I had that once. I, for a time, had that same unbelievable luck. In the too recent past, I had given myself inside and out to someone I felt had deserved it. That someone had felt the same way, and together we were happy. The look of adoration I saw between the young couple in front of me was once mine, and I thought that I knew what they were feeling at this moment exactly.

I knew, for example, that they probably held their hands up to each other’s so many times that they knew each other’s fingerprints by feel. I knew that they too had marveled in the effect of the surreal, moon reflected light on each other’s skin. I knew the feeling of the absurd, cinematic intimacy of pressing your forehead against the person you love. But those experiences, as they had been for a little while, were gone from me. What I felt now was different.

As I stood with my two happy friends, the cancerous black mass of jealousy clawed at the deepest, most exposed section of my throat and pitilessly began to scratch. My memories now were of hands slipping away. The forehead was persistently furrowed, angry, misunderstanding. My forearms that had once pressed my lover’s body closer to me now appeared extended, grasping at air to stop her from leaving.

I had said goodbye to her countless times, although very few of those times did I want her to hear it. Once, I had whispered to her quiet things. Now I said nothing to her. When it was just love, the words I said were confessions of intimacy and giving one’s self to another. But now that sentiment had turned danse horrible, and I nearly shouted, to anyone who would listen, some sort of confessions of love and claims of intimacy to them. I sought forgiveness during the day. But I found wickedness at night.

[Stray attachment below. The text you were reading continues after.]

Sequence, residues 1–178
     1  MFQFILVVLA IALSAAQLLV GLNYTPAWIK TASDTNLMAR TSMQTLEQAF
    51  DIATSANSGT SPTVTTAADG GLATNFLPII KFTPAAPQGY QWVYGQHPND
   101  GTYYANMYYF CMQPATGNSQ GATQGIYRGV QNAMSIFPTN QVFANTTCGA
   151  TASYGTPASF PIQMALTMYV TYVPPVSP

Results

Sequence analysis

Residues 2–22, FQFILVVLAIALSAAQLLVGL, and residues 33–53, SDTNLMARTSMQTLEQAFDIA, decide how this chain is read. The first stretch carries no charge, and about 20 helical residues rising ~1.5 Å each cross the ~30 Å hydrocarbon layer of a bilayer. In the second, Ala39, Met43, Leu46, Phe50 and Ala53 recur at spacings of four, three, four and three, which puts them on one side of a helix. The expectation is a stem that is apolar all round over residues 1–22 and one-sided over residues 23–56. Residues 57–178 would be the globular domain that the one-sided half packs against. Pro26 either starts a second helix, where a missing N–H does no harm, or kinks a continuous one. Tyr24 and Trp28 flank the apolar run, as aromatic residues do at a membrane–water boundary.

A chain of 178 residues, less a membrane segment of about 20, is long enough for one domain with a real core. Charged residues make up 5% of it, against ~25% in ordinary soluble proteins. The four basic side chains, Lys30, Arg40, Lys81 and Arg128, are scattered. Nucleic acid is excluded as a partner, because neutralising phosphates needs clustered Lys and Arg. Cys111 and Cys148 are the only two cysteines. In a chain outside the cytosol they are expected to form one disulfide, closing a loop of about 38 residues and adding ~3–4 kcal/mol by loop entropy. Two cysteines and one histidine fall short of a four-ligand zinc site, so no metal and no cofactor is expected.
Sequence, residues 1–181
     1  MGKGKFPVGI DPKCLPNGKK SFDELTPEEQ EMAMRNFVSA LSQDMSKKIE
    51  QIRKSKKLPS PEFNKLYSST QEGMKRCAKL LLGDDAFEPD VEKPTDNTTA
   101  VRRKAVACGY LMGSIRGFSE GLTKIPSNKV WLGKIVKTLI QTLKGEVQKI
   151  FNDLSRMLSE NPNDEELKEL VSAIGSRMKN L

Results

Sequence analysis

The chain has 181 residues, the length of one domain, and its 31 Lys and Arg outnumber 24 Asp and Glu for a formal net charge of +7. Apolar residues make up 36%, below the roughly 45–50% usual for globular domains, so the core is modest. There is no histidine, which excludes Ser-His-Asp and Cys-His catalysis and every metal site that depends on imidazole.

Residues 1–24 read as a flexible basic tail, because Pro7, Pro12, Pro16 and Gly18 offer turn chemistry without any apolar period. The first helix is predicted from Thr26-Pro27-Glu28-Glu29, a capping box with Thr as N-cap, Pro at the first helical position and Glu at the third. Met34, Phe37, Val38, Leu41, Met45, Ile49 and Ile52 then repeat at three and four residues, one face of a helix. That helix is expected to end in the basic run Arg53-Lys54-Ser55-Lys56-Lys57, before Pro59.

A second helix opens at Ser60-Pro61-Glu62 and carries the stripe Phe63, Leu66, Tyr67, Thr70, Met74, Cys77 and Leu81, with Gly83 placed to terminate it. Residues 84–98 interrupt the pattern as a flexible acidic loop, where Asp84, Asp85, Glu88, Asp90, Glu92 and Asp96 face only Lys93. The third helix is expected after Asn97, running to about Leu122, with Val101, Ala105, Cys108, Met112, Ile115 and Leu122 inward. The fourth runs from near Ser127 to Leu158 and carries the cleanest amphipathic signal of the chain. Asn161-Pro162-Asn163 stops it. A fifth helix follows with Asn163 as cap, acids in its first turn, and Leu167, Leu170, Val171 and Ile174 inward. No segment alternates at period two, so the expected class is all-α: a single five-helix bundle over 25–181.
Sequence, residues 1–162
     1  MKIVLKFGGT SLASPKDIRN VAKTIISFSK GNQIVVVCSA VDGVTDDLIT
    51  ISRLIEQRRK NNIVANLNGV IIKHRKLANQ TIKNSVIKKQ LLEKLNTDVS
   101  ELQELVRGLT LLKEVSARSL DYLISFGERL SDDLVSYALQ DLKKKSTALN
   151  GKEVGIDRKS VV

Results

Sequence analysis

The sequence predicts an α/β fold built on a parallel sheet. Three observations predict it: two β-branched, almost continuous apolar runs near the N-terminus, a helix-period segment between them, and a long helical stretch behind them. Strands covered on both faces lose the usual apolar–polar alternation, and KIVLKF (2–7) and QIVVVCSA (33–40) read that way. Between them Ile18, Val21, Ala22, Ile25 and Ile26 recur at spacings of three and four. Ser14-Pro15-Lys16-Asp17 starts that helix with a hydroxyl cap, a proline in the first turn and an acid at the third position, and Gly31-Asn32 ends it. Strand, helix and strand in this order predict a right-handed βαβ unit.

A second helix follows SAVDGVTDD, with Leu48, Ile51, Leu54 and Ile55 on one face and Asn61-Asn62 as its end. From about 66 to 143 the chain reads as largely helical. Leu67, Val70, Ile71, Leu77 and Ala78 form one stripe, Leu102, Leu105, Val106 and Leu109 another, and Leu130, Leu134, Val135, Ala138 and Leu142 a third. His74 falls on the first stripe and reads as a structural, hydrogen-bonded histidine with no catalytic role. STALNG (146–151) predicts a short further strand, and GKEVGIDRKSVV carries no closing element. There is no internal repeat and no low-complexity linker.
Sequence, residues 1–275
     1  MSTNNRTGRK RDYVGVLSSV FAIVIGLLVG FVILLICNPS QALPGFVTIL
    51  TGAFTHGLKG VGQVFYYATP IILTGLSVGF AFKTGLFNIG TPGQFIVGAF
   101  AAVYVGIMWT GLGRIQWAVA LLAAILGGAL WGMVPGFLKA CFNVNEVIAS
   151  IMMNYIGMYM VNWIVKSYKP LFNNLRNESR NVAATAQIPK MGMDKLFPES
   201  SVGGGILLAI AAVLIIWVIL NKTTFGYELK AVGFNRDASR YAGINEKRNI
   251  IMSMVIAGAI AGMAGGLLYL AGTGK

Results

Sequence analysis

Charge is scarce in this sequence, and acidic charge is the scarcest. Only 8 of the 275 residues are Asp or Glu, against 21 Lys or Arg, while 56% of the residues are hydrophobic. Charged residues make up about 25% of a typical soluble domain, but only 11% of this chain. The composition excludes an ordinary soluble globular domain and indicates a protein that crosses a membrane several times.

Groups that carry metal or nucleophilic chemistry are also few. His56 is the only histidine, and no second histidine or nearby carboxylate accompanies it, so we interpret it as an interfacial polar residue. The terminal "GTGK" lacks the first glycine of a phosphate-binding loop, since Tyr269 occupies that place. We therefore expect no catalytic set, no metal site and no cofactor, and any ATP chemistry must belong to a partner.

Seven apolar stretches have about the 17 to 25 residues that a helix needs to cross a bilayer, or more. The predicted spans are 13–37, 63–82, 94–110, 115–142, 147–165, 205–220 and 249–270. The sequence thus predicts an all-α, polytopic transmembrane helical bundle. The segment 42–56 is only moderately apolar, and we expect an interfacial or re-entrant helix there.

The night before I had seen, improbably, my former lover in this decaying, shit beach town, miles and miles from home, and I was not ready. The interaction was wordless and embarrassing for both of us. We did nothing and said nothing, each quietly ignoring the other, allowing everything we’d ever felt to hang in the air and die pathetically once again. Needless to say, I got out of there, went on a tear and became someone else’s problem.

But my friends were there for me. He, distracting, laughing, shepherding. She, quiet, knowing, subtle in her assistance. They both knew what happened of course, that nothing happened. But they both knew that nothing was somehow even worse. When we were out of there, she turned to me. “Hey,” she said. “It’s OK. She’s gone.” The strength of two.

From the outside it was easy to see that what I was doing was mourning. Not for her, but for myself, and for the invasion of thousands of terrifying thoughts that overtake the psyche in times of loss.

There’s a particular nobility in death that doesn’t follow a person in the same way through the end of a relationship, though they are really cousins in life’s experiences. In Love, one must continue the pattern of civility day after day, which is something rarely asked of the deceased. Who would handle such situations better, corpse or youth, is still unresolved.

Back on the beach I stared at the sand and felt my eyes change. Once pointed and focused, I felt them turn oval and soft around the left and right extremes, my middle eyebrows opening slightly. Looking at nothing, I realized I could see mostly nothing, and that my sight was reduced to doubles and shakes. My hand leapt to my eyes to squeeze them, and while breathing in I once again adjusted my body in a way that framed the lovers in front of me, unavoidable to observe.

I opened my eyes to see these two lovers, my beautiful friends, standing there on a beach, very simply looking at each other.

He smiled. So I smiled. Then she smiled. We were all smiling.

Justin D. Wright

Justin is a composer and producer in Brooklyn, NY who is both tall and coordinated. His heart occasionally explodes with love, etc.